Batterham's report to Science Minister Nick Minchin lays out a plan to reverse that slide by creating an “innovation culture.” It calls for stronger links between academic and government research labs and industry and a big boost in spending on research, facilities, and education. The government is also mulling over a second report, based on an innovation summit held in February, that puts a price tag of $1.4 billion over 5 years on a similar package of reforms. The idea for a summit was hatched by business leaders, who last week joined the cream of the country's research establishment in sending the government an open letter calling for “early action” toward achieving those aims. In line with the country's near-obsession with the recent Olympic Games, the letter asserts that, “with the right policy framework and encouragement from government, Australian industry, research, and higher education can help deliver the gold-medal performance needed to deliver greater prosperity.”

    Help can't come soon enough for University of Sydney microbiologist Dee Carter, who has just won a 5-year, $300,000 grant from the Howard Hughes Medical Institute for her work on a eucalyptus-borne fungus that can cause meningitis in humans. Although the grant supports her research, it will do little to relieve a heavy teaching load or improve the crowded and dilapidated conditions in her lab, which are so bad that Carter routinely declines requests from her overseas collaborators to visit. “I'm too embarrassed about the state of the lab to invite them over,” says the 38-year-old Carter. “For young academics like me it's pretty depressing.”

    It's no better for veteran scientists like John Cashion, head of physics at Monash University. “It's hard to find time to think,” he says about a teaching load that has doubled in 20 years. For Cashion, survival lies in an upcoming amalgamation of his department with materials engineering. But such consolidations can be unsettling to faculty members, say university administrators. “Many of the top people are going overseas,” says Garth Gaudry, head of the mathematics department at the University of New South Wales, who is also finding it hard to fill positions in his department.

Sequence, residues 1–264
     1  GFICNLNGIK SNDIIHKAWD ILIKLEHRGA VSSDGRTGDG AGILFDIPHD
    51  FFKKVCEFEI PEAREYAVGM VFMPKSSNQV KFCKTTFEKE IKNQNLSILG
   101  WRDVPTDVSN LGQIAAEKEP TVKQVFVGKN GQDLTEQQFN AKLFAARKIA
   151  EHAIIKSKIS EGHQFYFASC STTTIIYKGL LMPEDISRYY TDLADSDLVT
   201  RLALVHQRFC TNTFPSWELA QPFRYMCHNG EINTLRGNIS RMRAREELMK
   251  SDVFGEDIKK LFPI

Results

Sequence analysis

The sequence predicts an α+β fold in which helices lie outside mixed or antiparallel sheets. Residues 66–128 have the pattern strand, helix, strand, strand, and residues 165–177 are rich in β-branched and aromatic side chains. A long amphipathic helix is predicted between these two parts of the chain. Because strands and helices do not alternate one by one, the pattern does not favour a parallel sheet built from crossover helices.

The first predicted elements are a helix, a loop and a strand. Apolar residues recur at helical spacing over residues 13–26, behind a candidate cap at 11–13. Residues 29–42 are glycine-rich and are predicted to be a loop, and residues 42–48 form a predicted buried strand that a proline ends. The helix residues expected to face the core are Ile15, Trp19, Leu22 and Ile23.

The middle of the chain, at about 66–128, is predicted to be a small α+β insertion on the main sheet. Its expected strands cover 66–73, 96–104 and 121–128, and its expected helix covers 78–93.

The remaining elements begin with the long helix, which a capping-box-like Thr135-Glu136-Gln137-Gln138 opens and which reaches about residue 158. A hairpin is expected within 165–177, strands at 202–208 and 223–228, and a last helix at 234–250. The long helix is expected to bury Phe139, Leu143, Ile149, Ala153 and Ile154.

To be sure, those working in hot areas such as biotechnology or computing have fared much better. The government doubled funding for academic medical research last year, for example, after a report written by industrialist Peter Wills argued that Australia was lagging badly in key fields (Science, 21 May 1999, p. 1248). And some universities have overhauled their structures to take advantage of a suddenly booming venture capital industry spurred by an innovation fund that the government created jointly with business in 1997. “One of the big changes is the availability of venture capital in the range of $2 million to $5 million,” says Peter Andrews, co-director of the Institute for Molecular Bioscience at the University of Queensland in Brisbane, whose institute has already benefited by spinning off some 17 companies in the last 4 years.

    But most researchers are unable to attract venture capital when their work has no immediate commercial payoffs. “We feel like we're being hit from two sides,” says Carter. “We can't do the research we would like to because of the demands placed on our time through declining staff numbers, and basic research areas are being ignored in favor of industrial applications.” Gaudry notes that a culture of innovation won't flourish unless there is a sufficiently large pool of talent.

    The two reports address both problems. They recommend that 2000 new student places per year be created in the physical sciences, the costs of which should be shared between government and business, and that scholarships be given to students who fill 500 of these places. They recommend that the government invigorate first-rate university research by doubling the number of postdoctoral fellowships from 55 to 110, doubling the $132 million budget of the Australian Research Council (ARC), and providing $275 million for academic infrastructure. At present the council funds only one in five proposals, and individual grants cover only 75% of the research costs.

    Most academics believe that the recommendations reinforce the earlier Wills report, which made a convincing case for the value of basic research in fostering productivity. And they welcome the strong support coming from industry. “This is the first time we have had such a united front,” says Vicky Sara, chair of the ARC. Still, they caution that years of neglect can't be erased overnight. With her department facing another 20% budget cut, Carter is not alone in wondering whether any boost in government funding may be too little, too late.

  14. CLIMATE PREDICTION

    Second Thoughts on Skill Of El Niño Predictions

    1. Richard A. Kerr

    A few years' perspective on the 1997–98 El Niño and a toughening of standards drops model forecast performance from spectacular to encouraging